A new mom created an uproar on a social media platform after she claimed her father-in-law crossed the limits by eating a muffin made from her milk. She had to take drastic measures to ensure security but doing so has created issues between her and her loved ones.
The author, who remains anonymous throughout the post, explains that she has a seven-month-old baby boy who is currently weaning. So she made popsicles with her milk a few months ago and posted a picture in the group chat. Eerily, her father-in-law commented, "I'd love to try one of those" with heart emojis. When she brought to his attention that they were made from her milk, he justified himself, saying he missed that part of the message.
The author wrote:
I'm convinced that my FIL is being weird about my br**stfeeding and not in a "that makes me uncomfortable" way. I made the baby popsicles from my b**b milk a few months ago, and FIL put in the group chat that "I'd love to try one of those" with a hearts as eyes emoji. I said, "What? They're made from br**st milk," and he said he didn't notice that caption.
The author gave her father-in-law the benefit of the doubt and let it slide.
But then, recently, she baked her baby some muffins with her milk. Her father-in-law dropped by her house unexpectedly, and when he saw the muffins, the author informed him that they were made of her milk and were for the baby. She also offered him a normal muffin.
After that, she left to wash her hands, and when she returned, one of the milk muffins was missing. Her father-in-law admitted to eating it and defended himself, saying the baby had more than enough left. The author found the whole incident super weird and kicked him out.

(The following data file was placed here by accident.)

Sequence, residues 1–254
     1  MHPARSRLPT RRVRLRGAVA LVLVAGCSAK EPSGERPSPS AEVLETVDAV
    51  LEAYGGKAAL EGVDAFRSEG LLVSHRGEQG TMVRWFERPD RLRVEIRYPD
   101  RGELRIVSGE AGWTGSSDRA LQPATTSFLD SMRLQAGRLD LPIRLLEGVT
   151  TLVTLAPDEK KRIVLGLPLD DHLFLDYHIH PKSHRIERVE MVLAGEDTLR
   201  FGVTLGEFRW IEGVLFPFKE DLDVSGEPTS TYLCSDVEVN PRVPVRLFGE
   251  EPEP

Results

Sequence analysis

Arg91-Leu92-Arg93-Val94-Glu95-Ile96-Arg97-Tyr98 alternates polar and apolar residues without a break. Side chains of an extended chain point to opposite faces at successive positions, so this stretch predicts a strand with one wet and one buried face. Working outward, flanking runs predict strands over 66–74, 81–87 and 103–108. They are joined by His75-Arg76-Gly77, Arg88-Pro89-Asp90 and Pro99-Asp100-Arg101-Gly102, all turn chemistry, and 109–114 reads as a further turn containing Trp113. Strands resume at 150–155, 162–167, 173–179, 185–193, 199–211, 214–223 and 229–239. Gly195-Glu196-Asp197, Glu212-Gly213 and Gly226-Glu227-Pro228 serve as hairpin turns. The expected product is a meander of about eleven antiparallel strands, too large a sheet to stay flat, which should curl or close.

Today I baked the baby some muffins. The recipe called for a half cup of br**st milk, so I made them per recipe. FIL came over unannounced and said, "Oh yum, someone's been baking," so I told him, "Those muffins are for the baby; they're just fruit, flour, and br**st milk. I have a normal cake we can have". I then left the room to wash my hands, and came back, and one of the muffins was missing. I asked my husband, and he had no idea, so I asked FIL, and he said that he ate it. I said, that's disgusting; I told him they were the baby's and contained br**st milk. He doubled down and said it's ok because "br**st milk is vegan" (note, no one in this story is vegan).
According to the New York Times, one must call out a relative when they're being creepy. Steve Almond, a host of Dear Sugars in the NY Times, felt that although acting against a creepy relative can cause issues in the family, one is saving oneself and other women from being treated poorly.
Initially, her husband and mother-in-law were pissed at her for mistreating her father-in-law. But after she explained the whole story to her husband, he agreed his father had crossed the limits. Meanwhile, her mother-in-law understood her reaction.
I asked my husband what he thought I was mad about (he was in the room but on the other side and occupied with the baby), and he said he didn't realize that his dad actually ate the muffin; he thought I was pissed because he was messing with them. He also didn't remember the group chat incident but agreed that both incidents together were creepy. I called MIL to "clear the air," and she revealed that FIL has always been "very interested" in lactation, and she actually only fed my husband for four months and always behind a locked door! Apparently, FIL moved jobs after a woman complained that he kept intruding on her pumping in a designated space in the office.
However, her mother-in-law still thinks FIL is just curious and doesn't harbor any ill intentions.
But as per The Realistic Mama, respecting a nursing mom's boundaries is essential. One must ensure the mother is comfortable with nursing in another's presence and give her space when feeding the baby.
What do you think?
Was the father-in-law being creepy and should the author restrict him being around her? Or is her father-in-law genuinely only curious and should she let the issue slide? Share your thoughts below.